The main problem with writing about specific ebook vs books sales issues as a self publisher is that my access to in-depth data is limited to my own titles. In this instance, I only have year over year comparisons available for two titles, taking the August 1st to October 27th time frame. Further complicating the comparison is the worldwide economic downturn that I'm estimating has shaved at least 25% off my sales in October.
Even for ebooks as low as $9.95 with the customer benefit of instant gratification, people are holding onto their credit cards a lot tighter than just a month ago. Since a high proportion of my sales are generated directly through my website, whether ebooks, direct sales or Amazon Associates sales, I get a sort of instant feedback on book market conditions that publishers who rely heavily on bookstores may not see, unless they are getting real-time sell through data. My website traffic levels are pretty much where I'd expect, visitors just aren't becoming buyers at the usual rate.
The two titles I have year over year data for are my POD publishing book and my computer business title. For shorthand, I'll refer to them as POD and CB. In the last 90 days, I sold 35 ebook versions of POD (15 outside of the US) and 31 paper copies through Amazon Associates. During the same period last year when there was no ebook version for sale, I sold 53 copies through Amazon Associates. In the same time period, I sold 62 ebook versions of CB (13 outside the US) and 23 paper copies through Amazon Associates, while in the previous year I sold 52 copies through Amazon Associates.
So the quick math would imply that I lost 51 paper book sales, but gained 97 ebook sales, where the ebook sales are a little more profitable. If we eliminate the overseas sales for these two titles since those buyers wouldn't be a good match for the US Amazon Associates referrals (28 copies), I'm still generating more sales through offering ebook versions. While the overall numbers are small, the percentage differences are very large.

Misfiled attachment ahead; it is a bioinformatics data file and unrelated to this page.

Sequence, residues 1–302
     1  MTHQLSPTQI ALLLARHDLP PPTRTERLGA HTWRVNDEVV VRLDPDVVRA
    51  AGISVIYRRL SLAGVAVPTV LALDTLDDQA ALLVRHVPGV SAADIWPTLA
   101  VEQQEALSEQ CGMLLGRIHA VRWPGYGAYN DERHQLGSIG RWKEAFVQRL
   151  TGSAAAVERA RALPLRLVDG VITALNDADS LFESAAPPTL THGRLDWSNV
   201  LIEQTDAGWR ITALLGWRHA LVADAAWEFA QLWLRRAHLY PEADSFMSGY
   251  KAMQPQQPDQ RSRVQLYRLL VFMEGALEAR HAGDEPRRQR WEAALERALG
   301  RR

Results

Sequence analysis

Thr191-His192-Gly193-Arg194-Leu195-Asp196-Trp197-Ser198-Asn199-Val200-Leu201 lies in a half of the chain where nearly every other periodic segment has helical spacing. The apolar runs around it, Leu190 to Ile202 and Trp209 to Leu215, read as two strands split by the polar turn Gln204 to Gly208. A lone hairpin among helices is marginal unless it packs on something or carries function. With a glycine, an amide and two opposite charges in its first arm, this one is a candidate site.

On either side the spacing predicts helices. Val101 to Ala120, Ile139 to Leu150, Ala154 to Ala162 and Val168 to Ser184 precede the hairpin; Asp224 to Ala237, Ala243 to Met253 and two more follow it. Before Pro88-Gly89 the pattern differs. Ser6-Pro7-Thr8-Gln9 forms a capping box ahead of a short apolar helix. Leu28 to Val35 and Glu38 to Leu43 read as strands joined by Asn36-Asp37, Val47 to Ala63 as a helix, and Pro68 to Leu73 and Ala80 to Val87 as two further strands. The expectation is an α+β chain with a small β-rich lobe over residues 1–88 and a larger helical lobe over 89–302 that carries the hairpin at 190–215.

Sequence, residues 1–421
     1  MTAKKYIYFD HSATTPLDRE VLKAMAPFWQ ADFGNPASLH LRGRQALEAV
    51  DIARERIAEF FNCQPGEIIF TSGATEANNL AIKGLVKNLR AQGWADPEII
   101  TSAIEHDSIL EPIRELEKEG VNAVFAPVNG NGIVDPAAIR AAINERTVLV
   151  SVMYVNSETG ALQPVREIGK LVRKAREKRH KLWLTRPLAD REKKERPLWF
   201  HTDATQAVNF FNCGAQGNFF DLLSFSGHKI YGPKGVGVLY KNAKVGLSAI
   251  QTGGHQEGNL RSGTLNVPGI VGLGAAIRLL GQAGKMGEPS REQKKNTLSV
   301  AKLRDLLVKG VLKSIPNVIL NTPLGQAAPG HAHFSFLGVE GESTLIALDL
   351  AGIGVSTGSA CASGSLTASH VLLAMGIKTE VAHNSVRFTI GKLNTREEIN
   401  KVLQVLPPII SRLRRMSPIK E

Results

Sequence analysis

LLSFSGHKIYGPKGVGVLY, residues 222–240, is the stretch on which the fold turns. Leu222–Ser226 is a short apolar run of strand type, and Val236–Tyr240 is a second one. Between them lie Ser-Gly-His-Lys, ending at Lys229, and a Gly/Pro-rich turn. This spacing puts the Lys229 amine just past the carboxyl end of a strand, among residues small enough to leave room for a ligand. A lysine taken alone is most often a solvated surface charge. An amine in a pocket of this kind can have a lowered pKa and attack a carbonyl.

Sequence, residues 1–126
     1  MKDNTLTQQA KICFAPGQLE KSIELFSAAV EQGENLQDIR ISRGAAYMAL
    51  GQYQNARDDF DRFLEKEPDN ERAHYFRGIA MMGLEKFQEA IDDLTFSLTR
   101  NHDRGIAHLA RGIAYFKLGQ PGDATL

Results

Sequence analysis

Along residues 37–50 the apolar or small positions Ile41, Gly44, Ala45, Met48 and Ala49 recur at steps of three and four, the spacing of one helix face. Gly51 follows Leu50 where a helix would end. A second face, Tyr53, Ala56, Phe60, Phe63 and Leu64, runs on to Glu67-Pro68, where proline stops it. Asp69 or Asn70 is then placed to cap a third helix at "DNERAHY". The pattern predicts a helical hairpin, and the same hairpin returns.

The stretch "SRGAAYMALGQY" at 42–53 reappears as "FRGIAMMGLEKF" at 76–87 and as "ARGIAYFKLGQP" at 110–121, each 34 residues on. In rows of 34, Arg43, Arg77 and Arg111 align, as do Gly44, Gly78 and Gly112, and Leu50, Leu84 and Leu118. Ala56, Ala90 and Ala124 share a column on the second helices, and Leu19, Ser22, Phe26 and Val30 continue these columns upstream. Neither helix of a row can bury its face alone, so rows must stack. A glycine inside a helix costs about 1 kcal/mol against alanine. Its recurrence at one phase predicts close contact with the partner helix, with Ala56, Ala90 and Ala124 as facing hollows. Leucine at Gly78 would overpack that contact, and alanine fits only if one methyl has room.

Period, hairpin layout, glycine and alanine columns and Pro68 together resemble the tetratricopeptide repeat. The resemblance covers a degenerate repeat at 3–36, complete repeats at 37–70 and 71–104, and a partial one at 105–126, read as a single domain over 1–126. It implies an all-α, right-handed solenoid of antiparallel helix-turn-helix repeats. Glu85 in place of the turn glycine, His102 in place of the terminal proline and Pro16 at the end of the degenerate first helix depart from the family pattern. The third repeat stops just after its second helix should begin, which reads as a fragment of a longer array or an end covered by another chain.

The caveats even on this limited data set are many, including the fact that the paper version of POD was updated this year while the paper version of CB was not, making CB with its 2002 copyright date a harder sale on Amazon with every passing year. But the bigger caveat which stands repeating is that October sales have been depressed by the global economy. Even Saudi Arabia (where I got a second sale this morning) has seen their stock market fall 50%.
Another consideration is whether steering some sales away from Amazon is hurting the visibility of my titles there. It doesn't matter in the case of CB which is the #1 title in a tiny and ever-shrinking market, but in the case of POD it's possible that I'm losing a little traction. It's very hard to say because the top book in that segment, Aaron Shepard's "Aiming at Amazon" has been unavailable for several months while he revises the text. But as long as the visibility damage is limited, it's more than offset in my mind by the diversification offered by ebooks. And as testified by a US based customer of POD in an e-mail this weekend, he bought the ebook for instant gratification. Even Amazon Prime shipping can't compete with ebooks.
To put a country with a concept, I'm going to conclude by pasting in the list of countries where people have purchased at least one e-book, which is now 40 strong. The numbers in the parenthesis () are the totals for those countries:
Great Britain (48)
New Zealand (2)
Papua New Guinea
Saudi Arabia (2)
Trinidad and Tobago